Dr Rivaldo Mendes de Albuquerque: I’m an active Catholic, but in this case I found myself before a nine-year-old girl who risked dying for being sexually abused. From the legal point of view the Brazilian law allows us to stop pregnancy resulting from rape or where there’s a risk of death. From the moral point of view, what we did was acceptable, something I would do to anyone close to me, even a relative. And from the religious point of view, our intention was to promote good. Despite the strict codes of the Catholic Church, we didn’t feel intimidated by these codes, so we acted to save the life of the child, which was most important. The religious laws were written by the clerics, and do not translate God’s words exactly. That gave us peace of mind, and we recognised that the Catholic Church has made, and continues to make, mistakes, and especially with regards to women’s rights in Brazil and the rest of the world. The Church is meddling inappropriately into these rights, which are internationally recognised human rights.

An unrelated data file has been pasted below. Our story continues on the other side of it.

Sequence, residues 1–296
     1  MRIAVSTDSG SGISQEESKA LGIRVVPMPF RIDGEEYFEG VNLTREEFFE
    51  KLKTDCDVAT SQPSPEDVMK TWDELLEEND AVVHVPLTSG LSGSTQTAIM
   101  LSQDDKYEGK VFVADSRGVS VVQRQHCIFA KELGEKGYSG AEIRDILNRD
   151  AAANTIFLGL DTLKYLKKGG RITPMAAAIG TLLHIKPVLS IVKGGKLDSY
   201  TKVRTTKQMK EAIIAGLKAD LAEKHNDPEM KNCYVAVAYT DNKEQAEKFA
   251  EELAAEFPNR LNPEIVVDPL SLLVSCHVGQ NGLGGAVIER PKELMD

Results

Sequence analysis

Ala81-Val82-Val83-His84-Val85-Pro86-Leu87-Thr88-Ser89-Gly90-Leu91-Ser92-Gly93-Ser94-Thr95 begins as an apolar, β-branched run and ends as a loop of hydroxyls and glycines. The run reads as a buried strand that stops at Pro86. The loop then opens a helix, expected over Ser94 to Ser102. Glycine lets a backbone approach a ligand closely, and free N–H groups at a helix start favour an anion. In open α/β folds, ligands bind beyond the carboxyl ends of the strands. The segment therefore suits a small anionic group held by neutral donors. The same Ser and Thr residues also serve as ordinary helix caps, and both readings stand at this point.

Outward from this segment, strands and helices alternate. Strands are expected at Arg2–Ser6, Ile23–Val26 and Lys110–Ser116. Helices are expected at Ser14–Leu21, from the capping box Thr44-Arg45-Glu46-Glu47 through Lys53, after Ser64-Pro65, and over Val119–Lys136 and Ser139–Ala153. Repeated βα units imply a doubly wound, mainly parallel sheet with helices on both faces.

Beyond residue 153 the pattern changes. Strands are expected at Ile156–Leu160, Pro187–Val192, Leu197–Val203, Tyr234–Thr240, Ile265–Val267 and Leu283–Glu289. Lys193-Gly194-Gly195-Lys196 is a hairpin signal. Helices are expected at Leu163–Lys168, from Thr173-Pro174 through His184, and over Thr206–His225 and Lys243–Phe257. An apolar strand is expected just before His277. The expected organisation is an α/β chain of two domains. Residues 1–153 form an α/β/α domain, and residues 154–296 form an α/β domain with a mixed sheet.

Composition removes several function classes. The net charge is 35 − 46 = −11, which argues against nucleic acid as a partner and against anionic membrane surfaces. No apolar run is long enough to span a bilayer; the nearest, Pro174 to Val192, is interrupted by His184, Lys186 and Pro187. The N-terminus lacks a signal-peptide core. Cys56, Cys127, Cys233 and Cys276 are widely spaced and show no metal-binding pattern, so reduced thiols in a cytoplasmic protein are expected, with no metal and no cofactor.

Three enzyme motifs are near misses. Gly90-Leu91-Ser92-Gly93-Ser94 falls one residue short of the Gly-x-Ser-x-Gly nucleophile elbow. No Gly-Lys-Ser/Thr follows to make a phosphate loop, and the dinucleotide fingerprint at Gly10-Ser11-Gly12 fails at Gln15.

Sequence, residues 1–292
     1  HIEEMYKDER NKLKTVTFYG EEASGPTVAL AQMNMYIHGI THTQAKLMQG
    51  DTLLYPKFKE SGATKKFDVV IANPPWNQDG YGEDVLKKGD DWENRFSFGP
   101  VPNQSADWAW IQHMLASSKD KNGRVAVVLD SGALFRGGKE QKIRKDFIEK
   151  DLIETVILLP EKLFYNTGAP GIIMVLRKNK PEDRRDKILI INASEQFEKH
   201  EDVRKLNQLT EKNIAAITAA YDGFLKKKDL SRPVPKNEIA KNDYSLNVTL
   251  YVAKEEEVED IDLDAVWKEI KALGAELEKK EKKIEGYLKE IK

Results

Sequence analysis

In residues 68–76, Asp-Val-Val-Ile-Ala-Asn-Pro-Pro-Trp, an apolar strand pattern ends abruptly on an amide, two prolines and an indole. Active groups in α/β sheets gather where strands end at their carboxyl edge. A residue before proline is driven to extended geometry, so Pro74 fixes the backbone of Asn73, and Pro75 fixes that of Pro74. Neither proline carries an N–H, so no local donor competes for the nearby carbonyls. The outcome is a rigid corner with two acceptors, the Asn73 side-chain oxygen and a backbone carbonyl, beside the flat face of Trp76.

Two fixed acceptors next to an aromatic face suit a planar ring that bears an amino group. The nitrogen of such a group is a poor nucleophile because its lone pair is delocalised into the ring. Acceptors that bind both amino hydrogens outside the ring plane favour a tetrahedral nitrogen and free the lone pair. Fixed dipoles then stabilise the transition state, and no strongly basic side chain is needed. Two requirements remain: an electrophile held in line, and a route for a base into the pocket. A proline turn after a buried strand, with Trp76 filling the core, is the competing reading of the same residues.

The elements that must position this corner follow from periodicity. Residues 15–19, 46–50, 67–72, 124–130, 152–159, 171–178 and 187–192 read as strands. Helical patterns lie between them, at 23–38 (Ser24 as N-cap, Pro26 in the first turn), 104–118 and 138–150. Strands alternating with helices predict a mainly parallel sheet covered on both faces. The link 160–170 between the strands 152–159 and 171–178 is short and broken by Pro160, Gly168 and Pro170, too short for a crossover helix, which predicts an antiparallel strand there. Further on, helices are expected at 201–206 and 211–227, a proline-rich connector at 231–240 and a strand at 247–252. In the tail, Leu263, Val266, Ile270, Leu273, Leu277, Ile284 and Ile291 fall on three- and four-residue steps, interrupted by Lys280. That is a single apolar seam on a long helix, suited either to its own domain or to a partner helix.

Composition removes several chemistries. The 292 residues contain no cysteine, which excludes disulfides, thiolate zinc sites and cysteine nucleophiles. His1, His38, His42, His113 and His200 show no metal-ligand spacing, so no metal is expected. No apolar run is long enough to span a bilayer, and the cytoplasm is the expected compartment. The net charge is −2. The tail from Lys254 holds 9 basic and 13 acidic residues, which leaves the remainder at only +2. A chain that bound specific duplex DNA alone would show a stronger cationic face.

George Arney: That’s quite a strong criticism of the Catholic Church. Did you realise that when you decided to go ahead with the procedure that you might be excommunicated?

Dr Rivaldo Mendes de Albuquerque: I didn’t, never. But in fact, it isn’t the first time we’ve been excommunicated. When we started providing services to women victims of sexual violence, and offering them abortions 13 years ago, we were excommunicated then. But being excommunicated has never made me feel distant from God, and from my moral, legal and ethical principles. It’s a hard situation, but I didn’t feel threatened by God. I felt threatened by men.

George Arney: So how has this confrontation you’ve been having with the Church over these past 13 years impacted upon your own faith? It must be very difficult being at loggerheads with the Church and with the Vatican?